CD rates are still depressingly low, but CDs have other lovable features.
Large banks lag behind small banks when it comes to CD rates, according to a new report.
The opposite side of today’s low CD rate coin can be found in the ’80s when interest rates were high — on everything.
CD rates fell everywhere last year. Some states saw big declines in rates in 2012, while others experienced only small drops, according to a recent study.
When deposit rates do recover, CD rates will lead the pack, one expert says.
Low rates have scared away a lot of CD investors, but seniors and the wealthy remain loyal to CDs.
Does anyone have a CD ladder at this point? As Claes Bell adroitly pointed out earlier this week, CDs aren’t winning any popularity contests. With yields as low as they are, have been and will continue to be, savers have headed for greener pastures in terms of yield or liquidity. In more typical interest rate
The saga of R. Allen Stanford and his certificate of deposit Ponzi scheme is coming to a close – at least one part of it, anyway: the trial and conviction. On Tuesday, a Texas jury found Stanford guilty of 13 out of 14 criminal charges including mail fraud, wire fraud, obstruction of an SEC proceeding and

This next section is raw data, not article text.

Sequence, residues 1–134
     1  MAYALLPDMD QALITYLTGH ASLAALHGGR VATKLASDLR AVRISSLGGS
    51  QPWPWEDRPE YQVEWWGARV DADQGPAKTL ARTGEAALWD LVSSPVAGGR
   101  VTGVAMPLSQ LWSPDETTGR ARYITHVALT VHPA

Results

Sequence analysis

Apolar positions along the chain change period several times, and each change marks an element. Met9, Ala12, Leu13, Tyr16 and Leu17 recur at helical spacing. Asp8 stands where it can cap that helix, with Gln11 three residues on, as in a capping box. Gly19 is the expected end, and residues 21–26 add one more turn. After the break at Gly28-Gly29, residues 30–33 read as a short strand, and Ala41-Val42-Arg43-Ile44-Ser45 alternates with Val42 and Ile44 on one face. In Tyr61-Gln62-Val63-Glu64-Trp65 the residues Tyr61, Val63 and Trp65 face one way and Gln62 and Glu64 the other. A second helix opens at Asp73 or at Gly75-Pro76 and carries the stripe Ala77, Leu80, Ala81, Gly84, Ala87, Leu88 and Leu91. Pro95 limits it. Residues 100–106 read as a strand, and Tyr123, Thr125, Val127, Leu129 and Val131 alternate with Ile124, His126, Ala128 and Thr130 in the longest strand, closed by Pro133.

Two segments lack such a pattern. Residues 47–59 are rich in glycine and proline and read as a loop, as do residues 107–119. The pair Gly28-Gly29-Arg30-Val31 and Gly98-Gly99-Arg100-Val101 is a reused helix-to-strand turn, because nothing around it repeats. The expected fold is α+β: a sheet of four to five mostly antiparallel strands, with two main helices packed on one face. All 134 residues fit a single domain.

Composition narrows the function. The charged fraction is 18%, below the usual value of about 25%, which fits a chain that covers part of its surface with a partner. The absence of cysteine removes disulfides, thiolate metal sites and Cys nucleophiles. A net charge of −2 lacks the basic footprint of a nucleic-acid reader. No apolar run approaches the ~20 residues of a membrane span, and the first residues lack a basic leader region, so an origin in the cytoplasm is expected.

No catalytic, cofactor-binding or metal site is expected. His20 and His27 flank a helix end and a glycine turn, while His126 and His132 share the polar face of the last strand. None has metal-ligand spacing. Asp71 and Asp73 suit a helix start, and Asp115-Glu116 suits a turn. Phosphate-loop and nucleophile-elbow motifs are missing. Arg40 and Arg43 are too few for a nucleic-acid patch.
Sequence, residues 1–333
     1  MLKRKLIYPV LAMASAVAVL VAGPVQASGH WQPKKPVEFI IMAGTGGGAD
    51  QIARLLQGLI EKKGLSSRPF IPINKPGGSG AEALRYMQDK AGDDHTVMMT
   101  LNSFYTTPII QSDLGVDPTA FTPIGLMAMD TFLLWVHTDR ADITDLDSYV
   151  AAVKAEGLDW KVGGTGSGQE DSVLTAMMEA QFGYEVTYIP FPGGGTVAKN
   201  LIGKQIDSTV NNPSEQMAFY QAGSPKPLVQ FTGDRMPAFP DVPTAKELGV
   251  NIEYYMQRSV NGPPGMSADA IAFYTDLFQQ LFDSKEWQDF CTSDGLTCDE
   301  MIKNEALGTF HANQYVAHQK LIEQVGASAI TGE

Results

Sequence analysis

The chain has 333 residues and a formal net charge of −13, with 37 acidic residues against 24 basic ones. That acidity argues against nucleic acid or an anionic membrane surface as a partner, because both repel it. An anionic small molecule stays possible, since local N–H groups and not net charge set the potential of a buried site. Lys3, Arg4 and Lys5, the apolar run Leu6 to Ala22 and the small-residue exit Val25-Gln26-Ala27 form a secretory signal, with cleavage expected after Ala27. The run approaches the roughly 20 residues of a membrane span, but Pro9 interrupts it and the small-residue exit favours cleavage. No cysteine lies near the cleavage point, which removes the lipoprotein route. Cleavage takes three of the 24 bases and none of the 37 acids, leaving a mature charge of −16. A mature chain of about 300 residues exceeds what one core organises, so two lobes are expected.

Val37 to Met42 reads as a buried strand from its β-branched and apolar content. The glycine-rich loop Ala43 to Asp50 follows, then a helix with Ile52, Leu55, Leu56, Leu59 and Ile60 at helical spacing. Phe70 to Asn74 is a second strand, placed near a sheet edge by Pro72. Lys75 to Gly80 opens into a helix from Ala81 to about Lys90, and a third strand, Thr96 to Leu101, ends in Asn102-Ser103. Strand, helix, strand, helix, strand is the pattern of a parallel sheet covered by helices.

Most consumers probably think of the death of debit card fees as an unadulterated good, but it may have some negative consequences for CD investors hoping to find decent CD rates at large national banks. Dan Geller of Market Rates Insight has a piece in BAI Banking Strategies this month arguing for reducing deposit rates
CD rates have languished for years now and antsy investors desperate for decent yields and anticipating rising interest rates may be considering rising-rate CDs as the answer to their prayers. Whether or not they are the right product for you depends on how much you’re willing to pay for convenience. Donald Cummings Jr., managing partner